Sometimes I get a question about information architecture that excites me so much that I feel the need to write long form rather than edit my answer down to 140 characters. A recent question from Kate Williamson was one of those questions.
“..wondering how you’d differentiate information from meaning? Perception from (subjective) truth?”
First, thanks Kate. What a great question and opportunity for me to get nerdy for a minute.
So what’s the deal with these four concepts, are these important couplets of language synonyms or not? The simple answer is that they are not synonyms. They are however deeply intertwingled (connected in squirmy, overlap-y ways that are hard to dissect neatly into separate concepts).
Here are the definitions I relied on for the controlled vocabulary of How to Make Sense of Any Mess:
- Information is the interpretation that someone has about an arrangement or sequence of content.
- Meaning is the significance, understanding or importance of something.
- Perception is the process of considering, understanding, and interpreting something.
- Truth is an accepted belief.
Let’s take the photo of the bakery case above as an example and look for these four concepts in action.
A person approaches this bakery case and encounters some content (cookies, signage, crumbs, smells in the air) — each of these things has meaning to the person based on their unique experience to date. They may or may not have experience with cookies, bakeries, baking processes, what various flavors of cookies smell like, taste like, look like etc. What they know of the world (and cookies) changes what the content means to them.
The taller stack of oatmeal cookies could mean freshness to one person but lack of popularity to another. The single double chocolate cookie could mean popularity to one person but lack of freshness to someone else. The smell of oatmeal raisin could mean there was a recent baking event of those type of cookie to someone with clear sinuses and past experience smelling oatmeal raisin cookies while that same smell could mean very little to someone with a head cold or lacking certain cookie-smell experience. The duplication of signs for double chocolate cookies could mean there was at some point more than one stack of cookies of that type to one person, to someone else this duplication could go un-noticed or could be totally meaningless.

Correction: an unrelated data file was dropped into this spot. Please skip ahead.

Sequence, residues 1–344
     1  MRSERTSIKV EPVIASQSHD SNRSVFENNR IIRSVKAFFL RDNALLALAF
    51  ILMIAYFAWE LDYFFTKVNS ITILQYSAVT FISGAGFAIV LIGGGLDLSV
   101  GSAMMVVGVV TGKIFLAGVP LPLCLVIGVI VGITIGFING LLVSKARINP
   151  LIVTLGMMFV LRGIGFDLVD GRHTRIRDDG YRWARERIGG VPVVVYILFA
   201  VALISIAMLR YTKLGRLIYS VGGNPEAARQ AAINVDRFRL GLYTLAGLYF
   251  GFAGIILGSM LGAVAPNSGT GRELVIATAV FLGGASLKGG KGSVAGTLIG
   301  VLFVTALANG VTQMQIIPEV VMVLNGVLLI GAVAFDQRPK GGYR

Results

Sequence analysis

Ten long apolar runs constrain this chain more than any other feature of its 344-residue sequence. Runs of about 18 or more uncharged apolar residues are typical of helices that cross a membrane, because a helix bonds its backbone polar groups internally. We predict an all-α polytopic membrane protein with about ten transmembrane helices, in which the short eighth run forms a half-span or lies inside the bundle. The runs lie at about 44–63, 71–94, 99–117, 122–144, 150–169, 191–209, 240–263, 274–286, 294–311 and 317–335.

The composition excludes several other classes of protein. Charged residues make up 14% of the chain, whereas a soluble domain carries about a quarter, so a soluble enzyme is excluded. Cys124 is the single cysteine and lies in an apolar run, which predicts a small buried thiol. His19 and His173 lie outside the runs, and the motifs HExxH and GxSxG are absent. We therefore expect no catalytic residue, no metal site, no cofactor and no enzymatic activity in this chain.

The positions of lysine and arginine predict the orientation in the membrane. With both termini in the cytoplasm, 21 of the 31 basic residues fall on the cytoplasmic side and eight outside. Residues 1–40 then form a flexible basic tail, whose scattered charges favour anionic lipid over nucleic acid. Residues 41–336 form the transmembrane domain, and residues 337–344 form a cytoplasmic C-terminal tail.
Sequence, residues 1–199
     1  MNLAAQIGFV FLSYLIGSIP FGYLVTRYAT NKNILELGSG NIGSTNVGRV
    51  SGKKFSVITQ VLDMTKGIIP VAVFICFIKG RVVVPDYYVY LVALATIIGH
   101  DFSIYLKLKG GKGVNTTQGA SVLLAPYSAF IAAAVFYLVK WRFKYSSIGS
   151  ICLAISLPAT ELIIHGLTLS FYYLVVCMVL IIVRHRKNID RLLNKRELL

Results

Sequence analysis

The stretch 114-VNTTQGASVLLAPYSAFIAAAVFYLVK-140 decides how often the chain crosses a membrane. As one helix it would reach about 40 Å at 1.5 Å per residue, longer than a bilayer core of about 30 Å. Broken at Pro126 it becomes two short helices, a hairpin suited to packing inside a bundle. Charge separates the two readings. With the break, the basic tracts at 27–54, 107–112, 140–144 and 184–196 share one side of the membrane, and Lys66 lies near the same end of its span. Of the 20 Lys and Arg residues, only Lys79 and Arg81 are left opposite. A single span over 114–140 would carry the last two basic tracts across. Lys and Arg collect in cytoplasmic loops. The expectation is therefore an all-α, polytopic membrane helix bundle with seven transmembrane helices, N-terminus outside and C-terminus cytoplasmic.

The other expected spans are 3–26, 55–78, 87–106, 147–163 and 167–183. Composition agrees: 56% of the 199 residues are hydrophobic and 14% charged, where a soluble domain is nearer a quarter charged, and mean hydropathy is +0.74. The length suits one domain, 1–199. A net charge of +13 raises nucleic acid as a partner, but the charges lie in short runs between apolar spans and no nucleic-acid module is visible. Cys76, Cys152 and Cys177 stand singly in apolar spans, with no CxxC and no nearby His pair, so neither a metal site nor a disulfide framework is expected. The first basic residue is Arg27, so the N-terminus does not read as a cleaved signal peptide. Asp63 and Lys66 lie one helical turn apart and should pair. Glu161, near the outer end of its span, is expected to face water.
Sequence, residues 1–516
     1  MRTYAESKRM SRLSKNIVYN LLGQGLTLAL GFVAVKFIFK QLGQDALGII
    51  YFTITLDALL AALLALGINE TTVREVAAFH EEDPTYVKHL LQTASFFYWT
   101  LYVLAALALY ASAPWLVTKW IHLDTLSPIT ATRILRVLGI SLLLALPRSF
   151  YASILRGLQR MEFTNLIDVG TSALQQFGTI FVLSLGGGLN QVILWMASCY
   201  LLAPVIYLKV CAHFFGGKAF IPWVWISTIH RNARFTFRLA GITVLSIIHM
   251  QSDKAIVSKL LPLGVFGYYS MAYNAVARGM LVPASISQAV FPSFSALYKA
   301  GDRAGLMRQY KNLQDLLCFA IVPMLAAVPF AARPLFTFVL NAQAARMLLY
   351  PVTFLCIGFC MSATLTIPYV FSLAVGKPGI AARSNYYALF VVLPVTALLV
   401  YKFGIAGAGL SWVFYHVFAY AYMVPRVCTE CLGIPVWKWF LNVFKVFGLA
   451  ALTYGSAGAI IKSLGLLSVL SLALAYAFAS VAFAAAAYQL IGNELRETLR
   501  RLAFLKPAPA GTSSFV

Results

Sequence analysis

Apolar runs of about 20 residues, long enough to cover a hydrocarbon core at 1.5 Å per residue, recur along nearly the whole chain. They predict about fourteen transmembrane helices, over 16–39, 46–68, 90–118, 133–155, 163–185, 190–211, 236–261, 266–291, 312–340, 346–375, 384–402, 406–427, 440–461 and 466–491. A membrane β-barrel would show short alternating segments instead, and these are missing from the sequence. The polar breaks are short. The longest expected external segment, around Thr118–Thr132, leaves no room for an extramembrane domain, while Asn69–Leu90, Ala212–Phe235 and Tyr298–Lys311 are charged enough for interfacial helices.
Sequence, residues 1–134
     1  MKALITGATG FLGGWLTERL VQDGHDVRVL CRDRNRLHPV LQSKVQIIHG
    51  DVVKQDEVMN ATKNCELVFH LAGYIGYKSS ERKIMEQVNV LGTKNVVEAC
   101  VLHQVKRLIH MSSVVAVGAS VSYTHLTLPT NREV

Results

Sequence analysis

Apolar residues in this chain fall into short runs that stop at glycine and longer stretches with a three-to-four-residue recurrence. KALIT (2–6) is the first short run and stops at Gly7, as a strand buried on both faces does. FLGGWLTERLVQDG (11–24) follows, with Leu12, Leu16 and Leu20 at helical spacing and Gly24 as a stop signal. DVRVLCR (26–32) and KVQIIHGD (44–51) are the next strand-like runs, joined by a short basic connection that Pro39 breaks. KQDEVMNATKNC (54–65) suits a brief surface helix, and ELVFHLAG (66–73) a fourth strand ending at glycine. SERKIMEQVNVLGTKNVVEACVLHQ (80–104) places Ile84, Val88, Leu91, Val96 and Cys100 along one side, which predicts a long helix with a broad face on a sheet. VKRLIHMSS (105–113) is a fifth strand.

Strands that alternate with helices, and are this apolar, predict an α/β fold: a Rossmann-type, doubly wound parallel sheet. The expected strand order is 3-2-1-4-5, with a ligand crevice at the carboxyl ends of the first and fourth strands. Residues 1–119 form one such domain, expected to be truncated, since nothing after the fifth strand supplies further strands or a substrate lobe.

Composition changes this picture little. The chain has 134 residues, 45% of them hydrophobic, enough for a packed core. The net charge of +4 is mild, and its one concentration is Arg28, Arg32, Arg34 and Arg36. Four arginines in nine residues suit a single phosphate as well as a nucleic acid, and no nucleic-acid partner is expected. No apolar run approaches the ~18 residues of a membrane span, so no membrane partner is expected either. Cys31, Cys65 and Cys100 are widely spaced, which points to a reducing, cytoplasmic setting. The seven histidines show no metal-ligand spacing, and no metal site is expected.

The whole that results from all these clues of meaning being stitched together by an individual is information. Their answers to questions about this scene could vary drastically based on their version of the information that this scene creates.
Which cookie is more popular? Which is fresher?
- Some people will leave believing that the oatmeal raisin cookies have been more recently refreshed, and are more popular than the double chocolate cookies.
- Some people will leave believing that the double chocolate cookies have sold better, and are more popular than the oatmeal raisin cookies.
- Some people will believe something else entirely
Were there ever more double chocolate cookies on the plate?
- Some people will leave believing that that one double chocolate cookie is all that has ever been on that plate.
- Some people will leave believing that there used to be more double chocolate cookies on that plate.
- Some people will believe something else entirely
The process they are using to evaluate these various clues of meaning to create information is called perception. If perception is the lens they are looking through, truth is their unique view of the world through that lens. What they believe to be true is subjective as it is not likely to be exactly the same for every person encountering that bakery case.
This reminds us (the makers of cookies and content) that there can be a difference between what we mean for people to believe is true (our intent) vs. what they end up taking away from the arrangement of content we create (their information).
- Bakery’s Intent: “We have two delicious types of cookies to choose from at this bakery.”
- User’s Information: “There are two types of cookies. One is better/fresher/more popular.”
In this case, the bakery likely did not intend to create this perception issue about which cookie is better/newer/more popular, but the arrangement of cookies that was created initially did not properly uphold their intention over time as cookies were purchased. This caused unhelpful information to end up in the heads of the bakery’s users based on what the various elements of the scene meant to them.
The moral of this example and understanding these four terms is that we can’t make information for other people. All we can do as makers of content is arrange our content (and cookies) in ways that we believe are likely to create the kind of information we want other people to have. We can influence people’s perception of our content by thinking about what things mean to our audience and what issues of perception we might be faced with. The key is to understand that content is not information, and admit to the subjectivity that is inherent in the work that we do.
I hope this answers your question, Kate. Also apologies if everyone reading this is now hungry for cookies. I know I am!